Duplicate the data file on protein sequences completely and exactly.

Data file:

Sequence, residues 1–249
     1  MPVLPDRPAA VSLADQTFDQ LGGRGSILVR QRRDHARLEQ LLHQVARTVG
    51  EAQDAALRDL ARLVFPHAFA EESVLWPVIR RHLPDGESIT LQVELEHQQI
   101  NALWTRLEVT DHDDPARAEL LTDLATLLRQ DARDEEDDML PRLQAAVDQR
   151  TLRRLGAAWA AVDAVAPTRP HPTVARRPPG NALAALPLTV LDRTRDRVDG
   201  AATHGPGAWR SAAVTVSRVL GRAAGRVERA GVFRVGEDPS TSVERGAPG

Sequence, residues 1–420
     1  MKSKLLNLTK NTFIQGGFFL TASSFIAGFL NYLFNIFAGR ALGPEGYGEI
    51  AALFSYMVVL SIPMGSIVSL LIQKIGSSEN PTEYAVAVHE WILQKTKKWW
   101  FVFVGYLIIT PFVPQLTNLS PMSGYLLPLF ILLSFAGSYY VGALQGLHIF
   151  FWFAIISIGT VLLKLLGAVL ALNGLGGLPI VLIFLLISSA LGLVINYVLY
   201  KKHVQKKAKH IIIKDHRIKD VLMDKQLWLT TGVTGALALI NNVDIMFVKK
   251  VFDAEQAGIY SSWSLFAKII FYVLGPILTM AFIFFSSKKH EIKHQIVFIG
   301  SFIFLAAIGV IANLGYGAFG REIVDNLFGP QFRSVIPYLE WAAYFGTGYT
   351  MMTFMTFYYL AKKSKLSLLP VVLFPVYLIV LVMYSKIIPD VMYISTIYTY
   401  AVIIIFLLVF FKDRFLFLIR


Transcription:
Sequence, residues 1–249
     1  MPVLPDRPAA VSLADQTFDQ LGGRGSILVR QRRDHARLEQ LLHQVARTVG
    51  EAQDAALRDL ARLVFPHAFA EESVLWPVIR RHLPDGESIT LQVELEHQQI
   101  NALWTRLEVT DHDDPARAEL LTDLATLLRQ DARDEEDDML PRLQAAVDQR
   151  TLRRLGAAWA AVDAVAPTRP HPTVARRPPG NALAALPLTV LDRTRDRVDG
   201  AATHGPGAWR SAAVTVSRVL GRAAGRVERA GVFRVGEDPS TSVERGAPG

Sequence, residues 1–420
     1  MKSKLLNLTK NTFIQGGFFL TASSFIAGFL NYLFNIFAGR ALGPEGYGEI
    51  AALFSYMVVL SIPMGSIVSL LIQKIGSSEN PTEYAVAVHE WILQKTKKWW
   101  FVFVGYLIIT PFVPQLTNLS PMSGYLLPLF ILLSFAGSYY VGALQGLHIF
   151  FWFAIISIGT VLLKLLGAVL ALNGLGGLPI VLIFLLISSA LGLVINYVLY
   201  KKHVQKKAKH IIIKDHRIKD VLMDKQLWLT TGVTGALALI NNVDIMFVKK
   251  VFDAEQAGIY SSWSLFAKII FYVLGPILTM AFIFFSSKKH EIKHQIVFIG
   301  SFIFLAAIGV IANLGYGAFG REIVDNLFGP QFRSVIPYLE WAAYFGTGYT
   351  MMTFMTFYYL AKKSKLSLLP VVLFPVYLIV LVMYSKIIPD VMYISTIYTY
   401  AVIIIFLLVF FKDRFLFLIR